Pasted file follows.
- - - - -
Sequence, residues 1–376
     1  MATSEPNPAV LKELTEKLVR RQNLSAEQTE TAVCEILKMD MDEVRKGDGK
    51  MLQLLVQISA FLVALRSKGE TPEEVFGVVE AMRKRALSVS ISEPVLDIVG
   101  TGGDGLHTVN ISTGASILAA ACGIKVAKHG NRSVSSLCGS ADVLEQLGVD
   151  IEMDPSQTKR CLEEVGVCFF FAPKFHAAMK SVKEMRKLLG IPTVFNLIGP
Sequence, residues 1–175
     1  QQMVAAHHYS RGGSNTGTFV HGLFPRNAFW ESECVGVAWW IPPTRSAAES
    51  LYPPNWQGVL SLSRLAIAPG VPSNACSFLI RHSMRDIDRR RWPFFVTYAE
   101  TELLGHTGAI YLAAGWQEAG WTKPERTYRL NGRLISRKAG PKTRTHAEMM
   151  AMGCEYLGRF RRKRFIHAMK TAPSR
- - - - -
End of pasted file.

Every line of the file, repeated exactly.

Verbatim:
Sequence, residues 1–376
     1  MATSEPNPAV LKELTEKLVR RQNLSAEQTE TAVCEILKMD MDEVRKGDGK
    51  MLQLLVQISA FLVALRSKGE TPEEVFGVVE AMRKRALSVS ISEPVLDIVG
   101  TGGDGLHTVN ISTGASILAA ACGIKVAKHG NRSVSSLCGS ADVLEQLGVD
   151  IEMDPSQTKR CLEEVGVCFF FAPKFHAAMK SVKEMRKLLG IPTVFNLIGP
Sequence, residues 1–175
     1  QQMVAAHHYS RGGSNTGTFV HGLFPRNAFW ESECVGVAWW IPPTRSAAES
    51  LYPPNWQGVL SLSRLAIAPG VPSNACSFLI RHSMRDIDRR RWPFFVTYAE
   101  TELLGHTGAI YLAAGWQEAG WTKPERTYRL NGRLISRKAG PKTRTHAEMM
   151  AMGCEYLGRF RRKRFIHAMK TAPSR